acceptance, Childhood Cancer, coronavirus, Parenting, Uncategorized

Living with uncertainty in the time of the coronavirus

The Buffalo News published one of my essays today. It parallels the country’s reaction to COVID-19 with my daughter’s leukemia diagnosis, and how we can utilize long-term thinking strategies for dealing with the related anxiety.

MY VIEW

Living with uncertainty in age of coronavirus

Over the last week, a feeling of apprehension has swept over the country. With the coronavirus infecting thousands of Americans and cities taking drastic measures to slow the spread, citizens rush to combat this pandemic. We scramble for some sense of control, bury our fears and hope that life will soon return to normal.

It won’t.

The current reaction to COVID-19 reminds me of how I felt six years ago when my daughter…

Click here to read the entire piece.

books, Uncategorized

Snow Day: a modern Hansel and Gretel tale

It may be fall, but Snow Day is now available! This is my latest book for Teacher Created Materials, and it was a blast to write. Because it’s based on my actual children and Buffalo weather, this one’s even more special to me. Here’s the overview:

Snow Day
snow_day
This early chapter book features full-color illustrations to capture the attention of 4th-6th grade children who enjoy modern retellings of classic tales. In this spin on Hansel and Gretel, Lia and Tim are playing outside on a snow day when they get lost in the woods. They find a candy shop owned by the mysterious Mr. Gretel, who gives them as much candy as they can eat. But they’ll have to rely on their own smarts when it comes to getting home! Kids will be captivated by this fast-paced adventure story that appeals to reluctant readers.

Should you read it, or any of my work, I’d love to hear your reactions.

 

Children with Incarcerated Parents, Criminal Justice, Parenting, Uncategorized

Visiting Prison: The Endless Wait

I published an essay with The Osborne Association as part of their #SeeUsSupportUs campaign.

This one’s about the degrading treatment one receives when visiting a loved one in prison. If you haven’t joined #SeeUsSupportUs already, please consider doing so to support families coping with having an incarcerated loved one.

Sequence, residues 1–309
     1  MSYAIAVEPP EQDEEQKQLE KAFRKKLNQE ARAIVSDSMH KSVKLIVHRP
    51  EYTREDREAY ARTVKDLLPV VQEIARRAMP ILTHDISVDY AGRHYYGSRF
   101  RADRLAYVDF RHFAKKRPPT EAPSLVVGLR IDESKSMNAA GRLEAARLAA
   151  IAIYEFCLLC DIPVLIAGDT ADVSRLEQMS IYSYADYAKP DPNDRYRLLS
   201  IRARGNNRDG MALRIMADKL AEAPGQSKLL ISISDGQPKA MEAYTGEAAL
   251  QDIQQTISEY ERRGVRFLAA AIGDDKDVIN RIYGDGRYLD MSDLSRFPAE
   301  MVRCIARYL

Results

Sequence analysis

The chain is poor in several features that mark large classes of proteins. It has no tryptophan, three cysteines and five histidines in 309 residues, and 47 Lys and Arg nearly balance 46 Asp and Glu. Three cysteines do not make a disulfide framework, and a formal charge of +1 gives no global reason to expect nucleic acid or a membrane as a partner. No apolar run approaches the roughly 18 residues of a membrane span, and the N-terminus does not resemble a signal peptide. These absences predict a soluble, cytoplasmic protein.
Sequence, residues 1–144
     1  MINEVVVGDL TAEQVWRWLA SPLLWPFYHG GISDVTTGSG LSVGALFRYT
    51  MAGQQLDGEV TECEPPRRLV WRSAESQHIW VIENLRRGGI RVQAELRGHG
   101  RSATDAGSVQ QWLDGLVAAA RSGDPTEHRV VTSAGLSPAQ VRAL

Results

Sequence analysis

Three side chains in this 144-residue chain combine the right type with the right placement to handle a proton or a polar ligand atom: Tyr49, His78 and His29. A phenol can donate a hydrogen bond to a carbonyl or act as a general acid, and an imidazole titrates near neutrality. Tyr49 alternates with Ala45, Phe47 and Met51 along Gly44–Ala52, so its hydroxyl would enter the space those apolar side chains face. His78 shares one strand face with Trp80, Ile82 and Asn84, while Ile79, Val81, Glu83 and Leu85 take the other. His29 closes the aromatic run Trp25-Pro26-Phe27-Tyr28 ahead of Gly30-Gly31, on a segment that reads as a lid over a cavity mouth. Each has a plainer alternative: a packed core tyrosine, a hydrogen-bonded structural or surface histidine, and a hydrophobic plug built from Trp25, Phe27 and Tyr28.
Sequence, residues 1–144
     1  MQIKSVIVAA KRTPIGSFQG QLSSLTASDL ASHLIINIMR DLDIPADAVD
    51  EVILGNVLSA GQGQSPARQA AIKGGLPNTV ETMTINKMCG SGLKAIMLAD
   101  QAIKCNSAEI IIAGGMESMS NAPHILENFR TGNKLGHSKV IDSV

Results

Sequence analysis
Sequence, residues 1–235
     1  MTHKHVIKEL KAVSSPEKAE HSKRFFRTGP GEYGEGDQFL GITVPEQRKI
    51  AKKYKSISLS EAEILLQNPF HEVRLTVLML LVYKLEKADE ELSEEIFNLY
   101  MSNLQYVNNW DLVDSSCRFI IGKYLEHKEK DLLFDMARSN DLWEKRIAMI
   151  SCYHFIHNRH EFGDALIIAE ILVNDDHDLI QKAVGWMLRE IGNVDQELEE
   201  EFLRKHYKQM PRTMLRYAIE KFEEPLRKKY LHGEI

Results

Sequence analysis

7BD22BD2-B4E1-C273-C0D3E39E6F5C0555

Here’s the beginning of the essay:

I got the feeling nobody wanted to be at Clinton Correctional Facility in the summer of 2003. Not the guards. Not the incarcerated. Certainly not me. Yet my sister and I drove there for the weekend because we wanted to see our dad for the first time in years.

The Sunday of that visit, we arrived at 7:45am in hopes of getting in at 8:30—we had a seven-hour drive back to Buffalo and wanted to leave by noon. We received visitor pass #56.

There were no signs telling us where to go, where to wait, what to do. Just a room of silent women, some with children, some itching to go outside and smoke.

To read the rest, go to http://www.osborneny.org/news/voices-from-see-us-support-us-pamela-brunskill/.

 

Children with Incarcerated Parents, Criminal Justice, Uncategorized

Family Separation Because of Incarceration and Detention at the Border Is Taking a Toll on Children

“Whether separated due to immigration or incarceration, these children are in limbo.”

I have a new article on Teen Vogue this week that compares the long-term effects the trauma children at the border are facing to the trauma children with incarcerated parents face. Can the empathy shown towards children at the border be extended to children with incarcerated parents?

Click here to read the article!

author_default